Chart of the week: Young adults between the ages of 25 and 34 powered the work from home transformation

June 07, 2024
  • Daniel Burge

Earlier this year, a Gusto study found that, compared to 2019, employees—and especially millennials —are residing further away from their workplaces. This trend, according to the authors of the study, is likely a product of younger adults’ capitalizing on the ability to work remotely.

Inspired by the Gusto study, we analyzed the age distribution of people who worked from home but had a job based in D.C. In 2019, 27,918 people worked from home. By 2021, amidst the COVID-19 pandemic, this number increased to 167,727 before declining to 123,174 in 2022. As the data from the chart above suggests, young adults between the ages of 25 and 34 accounted for 37 percent of the people who worked from home in 2021, and 36 percent in 2022.  In comparison, adults over the age of 54 worked from home much less. In 2021 and 2022, this older group accounted for 13 and 15percent of those who worked from home. And people between the ages of 16 and 24 worked from home the least of any age group shown.[1]  

In sum, the age distribution of those who worked from home is consistent with the findings of the Gusto study. While the number of people working from home probably reached its height in 2021, the effects of the transformation that remote work has wrought remain with us. 

[1]  This analysis relied on microdata from the American Community Survey. The sample was limited to employed people over the age of 15 whose primary workplace is in the District of Columbia but live in Maryland, Virginia, West Virginia, or the District. The work from home estimates—which are subject to sampling error—were calculated using “the means of transportation to work” variable (TRANWORK). In response to the question “how did this person usually get to work LAST WEEK?,” survey respondents had the option of answering “worked from home.”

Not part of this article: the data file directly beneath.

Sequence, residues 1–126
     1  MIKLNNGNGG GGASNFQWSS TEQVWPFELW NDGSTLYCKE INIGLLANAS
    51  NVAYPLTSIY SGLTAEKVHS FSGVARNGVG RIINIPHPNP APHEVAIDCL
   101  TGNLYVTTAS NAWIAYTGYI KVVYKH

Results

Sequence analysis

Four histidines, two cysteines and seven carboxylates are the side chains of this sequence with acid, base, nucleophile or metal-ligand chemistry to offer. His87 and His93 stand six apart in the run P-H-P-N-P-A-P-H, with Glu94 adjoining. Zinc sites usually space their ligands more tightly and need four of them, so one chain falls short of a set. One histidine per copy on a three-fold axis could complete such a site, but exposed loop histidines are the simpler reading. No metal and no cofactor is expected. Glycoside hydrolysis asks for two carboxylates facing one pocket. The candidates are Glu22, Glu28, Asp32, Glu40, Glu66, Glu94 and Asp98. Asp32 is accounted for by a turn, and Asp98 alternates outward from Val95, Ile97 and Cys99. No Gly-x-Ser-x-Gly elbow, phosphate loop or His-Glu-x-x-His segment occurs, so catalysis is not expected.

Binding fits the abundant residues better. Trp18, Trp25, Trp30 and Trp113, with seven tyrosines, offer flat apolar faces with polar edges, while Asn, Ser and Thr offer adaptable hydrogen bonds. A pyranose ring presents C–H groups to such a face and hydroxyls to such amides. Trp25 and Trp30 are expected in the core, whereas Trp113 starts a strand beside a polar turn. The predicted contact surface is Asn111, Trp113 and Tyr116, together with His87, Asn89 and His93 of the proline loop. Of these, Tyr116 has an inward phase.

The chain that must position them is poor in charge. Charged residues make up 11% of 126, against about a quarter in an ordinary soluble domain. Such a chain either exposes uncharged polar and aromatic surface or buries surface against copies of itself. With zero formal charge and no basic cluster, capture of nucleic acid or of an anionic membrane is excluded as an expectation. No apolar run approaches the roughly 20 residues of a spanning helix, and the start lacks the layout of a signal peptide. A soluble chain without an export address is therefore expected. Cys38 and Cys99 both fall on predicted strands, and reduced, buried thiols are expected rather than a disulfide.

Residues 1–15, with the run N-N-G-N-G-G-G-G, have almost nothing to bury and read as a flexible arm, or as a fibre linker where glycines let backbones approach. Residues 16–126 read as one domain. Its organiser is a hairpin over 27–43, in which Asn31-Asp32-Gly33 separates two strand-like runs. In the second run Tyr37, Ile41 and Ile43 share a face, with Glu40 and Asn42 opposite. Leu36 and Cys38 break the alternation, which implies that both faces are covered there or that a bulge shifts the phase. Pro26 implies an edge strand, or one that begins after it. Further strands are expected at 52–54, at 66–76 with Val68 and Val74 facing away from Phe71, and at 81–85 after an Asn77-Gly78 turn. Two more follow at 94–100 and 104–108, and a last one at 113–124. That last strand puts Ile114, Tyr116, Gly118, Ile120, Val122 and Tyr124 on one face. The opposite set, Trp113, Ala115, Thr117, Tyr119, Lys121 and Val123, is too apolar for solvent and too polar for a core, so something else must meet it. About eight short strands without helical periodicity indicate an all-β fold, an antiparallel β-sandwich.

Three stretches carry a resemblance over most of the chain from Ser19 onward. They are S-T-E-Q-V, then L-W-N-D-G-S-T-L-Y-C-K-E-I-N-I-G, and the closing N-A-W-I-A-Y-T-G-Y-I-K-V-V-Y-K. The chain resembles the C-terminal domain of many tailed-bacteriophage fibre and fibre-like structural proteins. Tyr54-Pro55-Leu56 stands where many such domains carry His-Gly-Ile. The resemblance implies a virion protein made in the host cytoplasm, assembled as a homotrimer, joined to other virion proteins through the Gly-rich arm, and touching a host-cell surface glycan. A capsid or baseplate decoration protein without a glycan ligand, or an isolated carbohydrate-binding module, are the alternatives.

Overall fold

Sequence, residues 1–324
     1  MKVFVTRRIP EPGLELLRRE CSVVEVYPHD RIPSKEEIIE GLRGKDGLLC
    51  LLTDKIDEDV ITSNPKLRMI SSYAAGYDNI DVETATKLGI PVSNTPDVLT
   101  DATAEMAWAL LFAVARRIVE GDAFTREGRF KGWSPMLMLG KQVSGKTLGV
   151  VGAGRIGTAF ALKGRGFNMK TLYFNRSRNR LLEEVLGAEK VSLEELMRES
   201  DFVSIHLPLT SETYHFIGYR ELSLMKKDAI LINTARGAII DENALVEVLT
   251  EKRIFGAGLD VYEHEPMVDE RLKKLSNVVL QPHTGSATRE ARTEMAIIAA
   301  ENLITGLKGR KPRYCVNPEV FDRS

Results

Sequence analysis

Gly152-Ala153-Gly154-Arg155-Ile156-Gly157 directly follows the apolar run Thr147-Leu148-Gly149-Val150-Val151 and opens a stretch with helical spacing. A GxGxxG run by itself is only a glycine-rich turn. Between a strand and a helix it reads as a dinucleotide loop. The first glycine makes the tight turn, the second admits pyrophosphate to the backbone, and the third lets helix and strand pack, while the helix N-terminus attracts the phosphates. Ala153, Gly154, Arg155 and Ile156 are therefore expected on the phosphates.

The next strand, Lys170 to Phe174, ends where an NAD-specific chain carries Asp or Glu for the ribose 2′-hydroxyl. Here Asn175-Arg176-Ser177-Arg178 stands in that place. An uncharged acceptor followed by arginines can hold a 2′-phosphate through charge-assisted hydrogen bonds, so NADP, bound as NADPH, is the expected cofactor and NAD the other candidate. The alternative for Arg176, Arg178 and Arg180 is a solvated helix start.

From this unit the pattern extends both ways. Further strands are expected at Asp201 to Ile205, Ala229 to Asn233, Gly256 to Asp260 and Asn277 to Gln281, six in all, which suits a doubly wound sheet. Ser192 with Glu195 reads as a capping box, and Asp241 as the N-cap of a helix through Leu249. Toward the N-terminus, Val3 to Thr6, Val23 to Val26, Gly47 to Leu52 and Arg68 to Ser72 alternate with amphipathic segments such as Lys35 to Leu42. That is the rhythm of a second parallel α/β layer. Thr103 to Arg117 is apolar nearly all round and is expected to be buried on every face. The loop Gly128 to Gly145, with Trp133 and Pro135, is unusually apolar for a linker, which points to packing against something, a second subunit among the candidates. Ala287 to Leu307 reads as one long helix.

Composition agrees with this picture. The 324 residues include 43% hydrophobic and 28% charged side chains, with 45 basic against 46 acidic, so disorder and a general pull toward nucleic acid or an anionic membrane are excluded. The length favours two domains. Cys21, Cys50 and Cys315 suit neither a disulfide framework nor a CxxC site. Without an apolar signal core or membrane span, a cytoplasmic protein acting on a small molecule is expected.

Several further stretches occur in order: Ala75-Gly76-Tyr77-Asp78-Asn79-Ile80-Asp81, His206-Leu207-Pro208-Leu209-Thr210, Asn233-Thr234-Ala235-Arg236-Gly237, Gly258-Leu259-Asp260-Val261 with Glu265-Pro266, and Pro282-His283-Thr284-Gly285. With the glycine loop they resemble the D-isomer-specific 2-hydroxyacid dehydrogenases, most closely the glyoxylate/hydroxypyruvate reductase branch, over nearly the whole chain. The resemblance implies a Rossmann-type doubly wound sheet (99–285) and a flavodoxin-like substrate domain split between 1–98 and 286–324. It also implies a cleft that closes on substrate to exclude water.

Daniel Burge

Director of the Alice M. Rivlin Initiative for Economic Policy & Competitiveness
D.C. Policy Center

Daniel Burge is the Director of the Alice M. Rivlin Initiative for Economic Policy & Competitiveness. Before joining the team at the D.C. Policy Center in late October of 2023, Daniel worked at the Center for Washington Area Studies at George Washington University. He performed data analysis for a report on mortgage market trends in the Capital Region and co-authored a policy brief on property tax lien sales. Daniel has published work in The Washington Post and Greater Greater Washington. He received his BA from the University of Puget Sound, his PhD in American history from Boston University, and his MPP (Master of Public Policy) from George Washington University.

You can reach Daniel at